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Conductors and Equipotential Lines - Fun

  1. Dec 31, 2007 #1
    Conductors and Equipotential Lines - Fun!!

    1. The problem statement, all variables and given/known data
    Consider the following two conductors. conductor A is grounded so that it has a voltage of 0 V and conductor B is charged up so it has a voltage of +20 V. Draw in the equipotential lines and then draw in the E field lines indicating direction of the E field. Draw lines for every 2 volts. A is shaped like a diamond and B is shaped like a circle.


    2. Relevant equations


    N/a
    3. The attempt at a solution

    I'm a little confused - could someone define exactly what a grounded conductor is? (I can't find a good definition online or in any of my textbooks). Also, the problem says to draw lines for every 2, so am I correct in assuming that A has no field lines but has equipotential lines and that B would have 5 field lines and the standard circular equipotential lines?

    Also - A is neutral and B is positive. So does B's equipotential field overlap A's or does it just go around it? Thanks in advance!
     
  2. jcsd
  3. Dec 31, 2007 #2
    I think you are really confused over here. Electric field lines are drawn to represent the direction of the electric field strength, just draw them spaced evenly apart. Something that is grounded means that it is at zero potential and is earthed. Just like how lightning conductors are grounded...to the ground. from zero potential to +20V, the potential increases towards the higher potential.

    What the question is trying to ask you to do is to draw equipotential lines at various distances from A. At +2v, +4V etc etc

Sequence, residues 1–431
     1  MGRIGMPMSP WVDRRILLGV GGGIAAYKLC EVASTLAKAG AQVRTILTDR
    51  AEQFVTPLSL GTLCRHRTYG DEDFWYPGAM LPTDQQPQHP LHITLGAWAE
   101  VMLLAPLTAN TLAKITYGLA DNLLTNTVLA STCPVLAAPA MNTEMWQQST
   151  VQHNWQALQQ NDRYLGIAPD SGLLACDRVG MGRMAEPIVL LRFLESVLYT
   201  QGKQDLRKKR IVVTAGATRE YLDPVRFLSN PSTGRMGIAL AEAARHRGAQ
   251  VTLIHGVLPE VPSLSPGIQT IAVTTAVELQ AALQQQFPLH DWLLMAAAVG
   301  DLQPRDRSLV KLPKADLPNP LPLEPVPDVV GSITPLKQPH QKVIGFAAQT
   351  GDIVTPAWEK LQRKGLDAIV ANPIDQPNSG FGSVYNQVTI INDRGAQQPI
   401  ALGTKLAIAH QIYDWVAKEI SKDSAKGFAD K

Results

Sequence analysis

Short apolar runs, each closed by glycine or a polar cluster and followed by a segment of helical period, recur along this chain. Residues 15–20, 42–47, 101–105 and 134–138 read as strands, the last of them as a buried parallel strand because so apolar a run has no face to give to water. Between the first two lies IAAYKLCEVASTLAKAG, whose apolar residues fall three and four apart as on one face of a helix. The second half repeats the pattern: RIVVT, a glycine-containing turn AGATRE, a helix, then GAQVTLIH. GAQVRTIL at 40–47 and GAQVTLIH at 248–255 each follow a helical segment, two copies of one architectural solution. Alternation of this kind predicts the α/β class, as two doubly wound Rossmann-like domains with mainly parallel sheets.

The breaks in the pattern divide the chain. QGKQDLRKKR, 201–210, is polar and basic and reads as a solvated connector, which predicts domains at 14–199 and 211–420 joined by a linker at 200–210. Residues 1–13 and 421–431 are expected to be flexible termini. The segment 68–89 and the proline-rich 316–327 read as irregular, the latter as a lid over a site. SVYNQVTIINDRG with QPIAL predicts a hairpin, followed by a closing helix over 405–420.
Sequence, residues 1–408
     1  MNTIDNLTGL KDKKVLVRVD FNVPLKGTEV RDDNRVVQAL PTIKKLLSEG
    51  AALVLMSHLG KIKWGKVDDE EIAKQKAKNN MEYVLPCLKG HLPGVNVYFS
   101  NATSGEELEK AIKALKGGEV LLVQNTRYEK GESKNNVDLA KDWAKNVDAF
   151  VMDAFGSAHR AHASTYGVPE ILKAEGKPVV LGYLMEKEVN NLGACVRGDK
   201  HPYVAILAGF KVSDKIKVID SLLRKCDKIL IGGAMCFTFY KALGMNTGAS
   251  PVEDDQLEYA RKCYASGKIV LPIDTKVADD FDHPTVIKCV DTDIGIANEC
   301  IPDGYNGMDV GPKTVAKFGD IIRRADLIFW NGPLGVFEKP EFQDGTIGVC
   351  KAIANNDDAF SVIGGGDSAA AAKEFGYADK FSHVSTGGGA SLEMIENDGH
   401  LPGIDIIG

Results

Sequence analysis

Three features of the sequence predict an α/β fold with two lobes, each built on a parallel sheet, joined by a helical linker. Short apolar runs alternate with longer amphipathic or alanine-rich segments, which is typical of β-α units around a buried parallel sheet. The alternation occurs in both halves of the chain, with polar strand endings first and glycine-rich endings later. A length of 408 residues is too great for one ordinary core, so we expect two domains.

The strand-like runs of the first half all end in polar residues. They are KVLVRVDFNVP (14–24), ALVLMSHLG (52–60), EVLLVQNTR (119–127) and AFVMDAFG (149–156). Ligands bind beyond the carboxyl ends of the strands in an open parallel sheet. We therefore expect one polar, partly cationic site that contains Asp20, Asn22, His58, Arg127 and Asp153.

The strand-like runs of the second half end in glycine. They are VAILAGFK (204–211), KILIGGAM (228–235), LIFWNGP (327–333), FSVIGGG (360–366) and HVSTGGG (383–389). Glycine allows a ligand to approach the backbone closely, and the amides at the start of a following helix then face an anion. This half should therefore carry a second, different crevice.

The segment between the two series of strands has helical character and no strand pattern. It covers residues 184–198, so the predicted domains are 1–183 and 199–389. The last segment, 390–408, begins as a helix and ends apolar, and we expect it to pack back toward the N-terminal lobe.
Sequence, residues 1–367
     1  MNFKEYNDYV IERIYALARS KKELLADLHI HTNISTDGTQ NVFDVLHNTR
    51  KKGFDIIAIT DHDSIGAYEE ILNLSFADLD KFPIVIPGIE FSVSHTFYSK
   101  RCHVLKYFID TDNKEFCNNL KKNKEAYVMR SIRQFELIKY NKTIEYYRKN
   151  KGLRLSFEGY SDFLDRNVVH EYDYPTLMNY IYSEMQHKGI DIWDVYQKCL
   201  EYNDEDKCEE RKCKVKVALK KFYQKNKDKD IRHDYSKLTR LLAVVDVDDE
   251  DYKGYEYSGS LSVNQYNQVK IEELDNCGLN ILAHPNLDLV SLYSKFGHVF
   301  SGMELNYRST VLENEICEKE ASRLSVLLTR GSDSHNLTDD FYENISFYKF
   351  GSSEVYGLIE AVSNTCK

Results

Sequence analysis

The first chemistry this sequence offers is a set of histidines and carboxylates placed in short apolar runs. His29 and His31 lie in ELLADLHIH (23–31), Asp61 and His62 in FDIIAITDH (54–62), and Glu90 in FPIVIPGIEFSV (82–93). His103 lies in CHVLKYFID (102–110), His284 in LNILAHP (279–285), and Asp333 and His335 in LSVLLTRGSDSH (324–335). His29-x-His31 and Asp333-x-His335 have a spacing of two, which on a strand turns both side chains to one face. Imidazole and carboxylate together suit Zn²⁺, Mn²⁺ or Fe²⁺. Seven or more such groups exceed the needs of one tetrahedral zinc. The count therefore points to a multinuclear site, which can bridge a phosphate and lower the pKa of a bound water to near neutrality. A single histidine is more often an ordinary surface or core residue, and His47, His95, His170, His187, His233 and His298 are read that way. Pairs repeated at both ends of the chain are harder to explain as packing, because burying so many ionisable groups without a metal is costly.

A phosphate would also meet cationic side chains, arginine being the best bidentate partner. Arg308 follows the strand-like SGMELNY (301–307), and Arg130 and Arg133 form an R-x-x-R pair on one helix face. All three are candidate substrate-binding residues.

4. Dec 31, 2007 #3
    Okay, so A has no lines whatsoever, but B has both electric field lines and equipotential circles that expand outwards but stop when they encounter A?

    Does a grounded conductor still have an electric field? Or not at all?
     
  5. Jan 1, 2008 #4
    Erm, what do you understand by electric field lines? Electric field lines extend out from a point charge(positive). Does the potential increase or decrease as the distance from the charge increases? So between two given values of potential, in which direction does the electric field lines extend? where do you draw them?
     
  6. Jan 2, 2008 #5
    The potential increases as the distance from the charge increases. Electric field lines extend out from point charges that are positive to negative point charges. So, between two given values of potential (ie. 0 and 20), the lines extend from 20 outwards, spaced evenly?

    - I know what to do when it's positive and negative, it's the grounding and neutral that's throwing me off, I think.
     
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